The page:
Like offensive linemen and line cooks, facility managers only get noticed when something goes wrong. That’s why they need the right tools to properly care for equipment, provide oversight of vendors and ensure that tenants remain happy.
LEDs aren’t just for student science projects anymore.
Out on our city streets, LED streetlights are an emerging technology that use significantly less energy, offer improved light quality, and last longer. On an apples-to-apples, technology-to-technology comparison, LED streetlights easily beat out all the other streetlighting technologies.
No wonder, then, that cities nationwide are beginning to replace their streetlights with LEDs. However, many cities are missing out on the real opportunity with LED streetlights: smart controls and the potential for a networked city.
As the leaves fall and the air grows colder, there’s one thing which draws an opinion from almost everyone:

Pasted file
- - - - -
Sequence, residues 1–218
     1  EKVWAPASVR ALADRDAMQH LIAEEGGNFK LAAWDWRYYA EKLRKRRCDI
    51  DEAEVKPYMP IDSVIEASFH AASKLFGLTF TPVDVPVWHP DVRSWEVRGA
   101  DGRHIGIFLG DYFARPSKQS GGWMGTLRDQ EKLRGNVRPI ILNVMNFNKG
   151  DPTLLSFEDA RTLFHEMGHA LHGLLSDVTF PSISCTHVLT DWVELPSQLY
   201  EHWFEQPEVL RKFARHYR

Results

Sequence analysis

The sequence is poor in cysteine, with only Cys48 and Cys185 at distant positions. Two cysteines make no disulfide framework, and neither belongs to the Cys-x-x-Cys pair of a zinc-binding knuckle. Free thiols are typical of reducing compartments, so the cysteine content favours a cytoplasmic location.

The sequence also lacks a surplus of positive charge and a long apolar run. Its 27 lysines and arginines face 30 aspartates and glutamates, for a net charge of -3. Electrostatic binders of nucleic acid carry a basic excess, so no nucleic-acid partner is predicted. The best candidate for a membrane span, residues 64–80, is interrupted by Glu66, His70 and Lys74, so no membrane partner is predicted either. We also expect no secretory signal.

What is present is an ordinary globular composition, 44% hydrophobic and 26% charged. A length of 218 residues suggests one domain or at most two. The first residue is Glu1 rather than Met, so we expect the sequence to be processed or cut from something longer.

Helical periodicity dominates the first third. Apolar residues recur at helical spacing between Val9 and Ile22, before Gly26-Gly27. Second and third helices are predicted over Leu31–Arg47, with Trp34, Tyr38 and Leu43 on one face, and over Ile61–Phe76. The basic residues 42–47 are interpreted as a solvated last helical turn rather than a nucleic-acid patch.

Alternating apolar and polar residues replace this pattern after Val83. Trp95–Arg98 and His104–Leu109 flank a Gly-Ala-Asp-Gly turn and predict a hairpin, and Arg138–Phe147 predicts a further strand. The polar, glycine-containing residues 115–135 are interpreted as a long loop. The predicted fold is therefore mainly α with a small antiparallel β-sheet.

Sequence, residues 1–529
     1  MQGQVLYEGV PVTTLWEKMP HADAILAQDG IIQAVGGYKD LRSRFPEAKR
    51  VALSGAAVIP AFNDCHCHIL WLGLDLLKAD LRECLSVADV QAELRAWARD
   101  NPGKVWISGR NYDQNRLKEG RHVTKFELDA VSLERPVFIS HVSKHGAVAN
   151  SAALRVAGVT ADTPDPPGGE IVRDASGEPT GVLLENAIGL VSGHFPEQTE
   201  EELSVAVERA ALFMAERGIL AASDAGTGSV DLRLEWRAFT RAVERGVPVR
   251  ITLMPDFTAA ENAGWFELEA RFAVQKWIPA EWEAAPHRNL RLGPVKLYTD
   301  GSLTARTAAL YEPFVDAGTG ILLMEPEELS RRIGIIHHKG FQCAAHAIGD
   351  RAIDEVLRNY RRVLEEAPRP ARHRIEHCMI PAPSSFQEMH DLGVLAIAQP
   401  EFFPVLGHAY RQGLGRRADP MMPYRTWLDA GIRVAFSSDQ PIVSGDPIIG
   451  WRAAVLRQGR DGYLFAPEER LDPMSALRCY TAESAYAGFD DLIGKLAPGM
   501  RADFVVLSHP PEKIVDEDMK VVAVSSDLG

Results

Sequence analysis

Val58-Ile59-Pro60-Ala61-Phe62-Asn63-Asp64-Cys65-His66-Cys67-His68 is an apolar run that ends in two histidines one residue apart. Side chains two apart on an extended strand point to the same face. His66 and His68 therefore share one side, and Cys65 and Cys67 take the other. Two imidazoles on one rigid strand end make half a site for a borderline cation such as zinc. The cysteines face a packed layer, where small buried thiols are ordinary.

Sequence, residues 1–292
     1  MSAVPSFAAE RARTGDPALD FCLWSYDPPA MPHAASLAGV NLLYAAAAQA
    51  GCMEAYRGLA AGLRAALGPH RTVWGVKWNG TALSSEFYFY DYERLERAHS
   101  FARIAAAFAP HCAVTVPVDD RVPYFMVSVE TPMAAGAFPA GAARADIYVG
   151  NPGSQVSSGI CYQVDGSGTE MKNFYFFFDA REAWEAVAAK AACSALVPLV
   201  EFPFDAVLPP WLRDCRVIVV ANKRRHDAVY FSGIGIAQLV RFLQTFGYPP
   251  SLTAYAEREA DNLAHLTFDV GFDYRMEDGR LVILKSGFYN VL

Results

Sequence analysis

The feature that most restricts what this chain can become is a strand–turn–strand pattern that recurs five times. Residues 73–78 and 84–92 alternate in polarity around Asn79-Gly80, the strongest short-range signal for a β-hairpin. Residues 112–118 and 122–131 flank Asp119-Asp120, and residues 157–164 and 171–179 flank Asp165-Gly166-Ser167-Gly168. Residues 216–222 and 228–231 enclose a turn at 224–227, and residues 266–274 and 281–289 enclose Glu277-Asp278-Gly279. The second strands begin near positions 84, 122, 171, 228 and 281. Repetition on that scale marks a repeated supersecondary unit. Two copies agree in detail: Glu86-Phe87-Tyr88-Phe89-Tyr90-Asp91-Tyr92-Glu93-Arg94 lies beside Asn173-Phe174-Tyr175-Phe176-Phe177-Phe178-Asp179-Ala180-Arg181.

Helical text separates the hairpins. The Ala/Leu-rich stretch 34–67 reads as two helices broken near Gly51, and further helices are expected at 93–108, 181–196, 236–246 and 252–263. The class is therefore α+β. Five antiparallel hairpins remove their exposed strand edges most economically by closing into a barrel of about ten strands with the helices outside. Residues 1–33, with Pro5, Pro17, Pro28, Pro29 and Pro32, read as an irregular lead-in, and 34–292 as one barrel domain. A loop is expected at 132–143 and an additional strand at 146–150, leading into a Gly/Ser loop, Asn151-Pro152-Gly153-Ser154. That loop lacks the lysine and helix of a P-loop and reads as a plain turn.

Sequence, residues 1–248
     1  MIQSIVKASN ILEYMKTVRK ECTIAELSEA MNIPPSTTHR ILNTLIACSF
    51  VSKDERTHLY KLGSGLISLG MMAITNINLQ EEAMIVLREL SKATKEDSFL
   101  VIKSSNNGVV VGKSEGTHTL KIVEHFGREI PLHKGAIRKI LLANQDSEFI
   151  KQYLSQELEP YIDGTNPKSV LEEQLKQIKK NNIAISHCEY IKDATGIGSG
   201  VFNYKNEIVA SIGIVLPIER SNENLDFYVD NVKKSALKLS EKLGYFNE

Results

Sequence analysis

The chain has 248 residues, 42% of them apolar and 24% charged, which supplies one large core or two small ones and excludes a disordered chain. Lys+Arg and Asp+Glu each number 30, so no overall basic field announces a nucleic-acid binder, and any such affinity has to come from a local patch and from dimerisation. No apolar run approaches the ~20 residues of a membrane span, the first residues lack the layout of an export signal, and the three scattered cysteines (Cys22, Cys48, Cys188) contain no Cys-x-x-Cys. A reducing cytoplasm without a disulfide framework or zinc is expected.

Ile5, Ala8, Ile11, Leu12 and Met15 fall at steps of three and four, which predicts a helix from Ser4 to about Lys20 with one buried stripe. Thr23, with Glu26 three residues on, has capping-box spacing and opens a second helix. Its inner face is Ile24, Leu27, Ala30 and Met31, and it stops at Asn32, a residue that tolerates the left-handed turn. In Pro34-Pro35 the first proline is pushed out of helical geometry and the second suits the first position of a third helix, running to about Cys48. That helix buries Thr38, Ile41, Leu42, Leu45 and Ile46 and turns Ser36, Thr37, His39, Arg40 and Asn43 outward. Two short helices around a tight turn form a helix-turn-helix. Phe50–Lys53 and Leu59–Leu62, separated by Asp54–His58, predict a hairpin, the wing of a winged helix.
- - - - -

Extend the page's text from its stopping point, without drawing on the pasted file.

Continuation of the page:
Whether it’s football, basketball, hockey, or another fall sport, people love to play, watch, and talk about athletics. While we love sports at McKinstry, they’re also part of our job.
Much as teams have to practice and plan in order to play their best on game day, McKinstry has to work hard behind the scenes in order to make sure the stadiums and arenas hosting millions of fans are up to that task.
Here are the stories of three athletic facilities where McKinstry’s work has had a major impact on fans and players alike:
At McKinstry, we think about smart buildings all the time.